"Biennial" is what this is, since it happens "every other year" ("biannual" means "twice a year"). And every other year—the even-numbered ones—The Greater Chicago Jewish Festival arrives to take over one Sunday afternoon of your life in a most enjoyable way. This year, it's on June 10, from 11-6 at the Cook County Forest Reserve (pocet.org). It boasts food, crafts, an art fair, a "book shuk," a petting zoo…
…and hour after hour of some of the best live Jewish music you'll ever hear.
The headliner this year is a man whose full name, evidently, is "Steven Page (Formerly of The Barenaked Ladies)." Their big hit was "One Week," and they did the "Big Bang Theory" theme song. But they have also toured with The LeeVees, the only-Chanukah-songs band, around that time of year. And Page is also performing some Jewish material and planning on explaining which of his songs were influenced by his Jewish heritage.
Here is a run-down of the rest of the Fest:
Maxwell Street Klezmer Band
One of the longest-running klezmer acts, this local favorite has a deep bench with its clarinets and violins, but its (not so) secret weapon is the effervescent vocalist Kimber Leigh Nussbaum. Also performing is Maxwell Street's youth ensemble, the Jr. Klezmer Band.
Chicken Fat Klezmer Band
Another local band, this one favors a loose-limbed, offhand approach to its klezmer standbys, Yiddish-theater standards, and originals.
Shirlee Todd founded this local ensemble which—as advertised—merges jazz and klezmer.
This Indiana-based octet recently won the Got Talent competition.
Deservedly one of the most popular Jewish rock acts. Blue Fringe is young, hungry, talented, soulful, and destined to take its place alongside Diaspora Yeshiva Band and Piamentas.
When was the last time you had you some good, ol'-fashioned, home-made, electric guitar cooking? I mean a big slab of wailing with a generous side of shredding, and some sweet riffing for dessert.
This band takes classic rock, adds elements of Middle Eastern and Celtic music, and turns the whole thing into a spiritual experience. Whether you like Zep or The Dead, you'll hear something you like.
Ruby Harris recently founded this hard-partying band; its name also means, in Hebrew, "only happiness." Harris plays guitar, harmonica, and more, but wait 'til you hear the blues played on a 150-year-old violin…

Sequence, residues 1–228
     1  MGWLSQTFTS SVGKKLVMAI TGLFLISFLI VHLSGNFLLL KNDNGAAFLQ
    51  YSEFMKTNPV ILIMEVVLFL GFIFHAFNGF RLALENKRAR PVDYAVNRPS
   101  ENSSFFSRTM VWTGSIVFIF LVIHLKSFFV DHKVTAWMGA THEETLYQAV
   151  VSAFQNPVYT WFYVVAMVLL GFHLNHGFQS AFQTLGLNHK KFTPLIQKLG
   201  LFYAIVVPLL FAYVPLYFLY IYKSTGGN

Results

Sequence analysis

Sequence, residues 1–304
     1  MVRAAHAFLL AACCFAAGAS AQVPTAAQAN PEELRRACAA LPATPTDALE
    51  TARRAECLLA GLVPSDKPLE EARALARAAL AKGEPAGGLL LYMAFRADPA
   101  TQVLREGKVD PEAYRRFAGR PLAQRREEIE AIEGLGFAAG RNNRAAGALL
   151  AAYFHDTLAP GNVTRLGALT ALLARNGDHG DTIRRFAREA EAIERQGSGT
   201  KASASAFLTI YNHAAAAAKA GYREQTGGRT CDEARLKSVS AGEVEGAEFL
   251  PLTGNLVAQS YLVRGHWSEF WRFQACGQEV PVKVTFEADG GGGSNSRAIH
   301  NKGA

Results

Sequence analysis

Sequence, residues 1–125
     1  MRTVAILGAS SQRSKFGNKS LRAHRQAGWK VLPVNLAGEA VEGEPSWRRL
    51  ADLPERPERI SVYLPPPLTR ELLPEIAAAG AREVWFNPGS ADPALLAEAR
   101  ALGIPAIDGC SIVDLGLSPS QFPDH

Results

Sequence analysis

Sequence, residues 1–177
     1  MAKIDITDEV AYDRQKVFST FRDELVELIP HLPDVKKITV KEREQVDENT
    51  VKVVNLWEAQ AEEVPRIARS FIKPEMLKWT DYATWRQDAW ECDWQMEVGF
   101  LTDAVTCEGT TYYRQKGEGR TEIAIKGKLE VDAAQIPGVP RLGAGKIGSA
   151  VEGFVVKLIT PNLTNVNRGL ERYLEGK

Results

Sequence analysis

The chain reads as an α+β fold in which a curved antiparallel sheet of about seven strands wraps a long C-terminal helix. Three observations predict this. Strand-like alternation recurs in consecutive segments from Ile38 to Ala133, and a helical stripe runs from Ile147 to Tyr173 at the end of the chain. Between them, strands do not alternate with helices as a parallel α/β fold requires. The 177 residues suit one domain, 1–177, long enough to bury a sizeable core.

The dobro is a guitar with a steel plate behind the strings, used by everyone from The Byrds to Dire Straits. Kaye uses it to play Jewish music that pulls from country and folk, but mostly the blues.
Rabbi Joe Black
A rabbi playing Jewish music? Not that surprising. A rabbi playing Jewish country music? Now that, you have to see.
This quartet has the sound of the 1960s, specifically the more the spiritual-awakening, Age-of-Aquarius material.
For the Peter Paul & Mary style of '60s singing, this is the group you want. This local trio has been keeping the sound and energy alive for decades.
A veteran of the Old Town School of Folk Music stage, Silverman represents the newer folk sound of Shawn Colvin and Dar Williams.
Tracy Friend/Andrew Dennen
A local duo, their sound is a bit darker and quirkier. Fans of Kate Bush and Tori Amos should check them out.
Lucky Break Bluegrass Band
Well, it's just not a summer festival without this all-American, all-string sound. They also mix in some Jewish modalities for a style called, what else, "Jewgrass."
He is a songwriter best known for "Jazzman," which was covered by Steve Goodman. Come hear the rest of his riveting material.
This local legend helped the Old Town School of Folk Music become what it is, and has shared stages with Steve Goodman and John Prine. This is the real deal, folks.
The ace in the hole of this local trio is an instrument you would not expect in a Sephardic band—an electric guitar. But after hearing Steve Yastrow play one, you'll wonder why it's not standard.
Listen Up! A Capella
Innovative arrangements of Jewish classics. More like Rockapella or The Nylons than the Maccabeats, these guys make as much music with only half their personnel.
Jeff & Janis
Imagine that Steve and Edyie had built an entire act out of songs like "Hallelujah" and "By Mir Bist Du Shoen."
Shining Lights (they start at the 1:30 mark)
This is a talented and polished teen show choir. Come get your Gleek on!
Kids, take your parents to this show. This nice lady has a great voice and fun songs, and your mom and dad will like her as much as you!
Billy & the Kidders
This daddy-daughter act is one of the few of any genre who do outreach to interfaith families.
He was the one who told us one of the most important things in life: "Don't sit on a cactus!" Check out his show for much more silliness.
There are also dance performances, puppet shows, and storytelling at the Festival. I might see you there—or I might be too busy running from show to show!